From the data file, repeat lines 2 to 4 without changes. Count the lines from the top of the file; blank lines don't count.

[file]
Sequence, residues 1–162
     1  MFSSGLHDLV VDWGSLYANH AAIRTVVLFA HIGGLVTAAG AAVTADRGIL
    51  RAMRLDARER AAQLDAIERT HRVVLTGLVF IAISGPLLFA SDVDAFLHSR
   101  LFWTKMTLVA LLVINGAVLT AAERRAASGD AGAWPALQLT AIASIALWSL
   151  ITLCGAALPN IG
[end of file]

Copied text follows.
     1  MFSSGLHDLV VDWGSLYANH AAIRTVVLFA HIGGLVTAAG AAVTADRGIL
    51  RAMRLDARER AAQLDAIERT HRVVLTGLVF IAISGPLLFA SDVDAFLHSR
   101  LFWTKMTLVA LLVINGAVLT AAERRAASGD AGAWPALQLT AIASIALWSL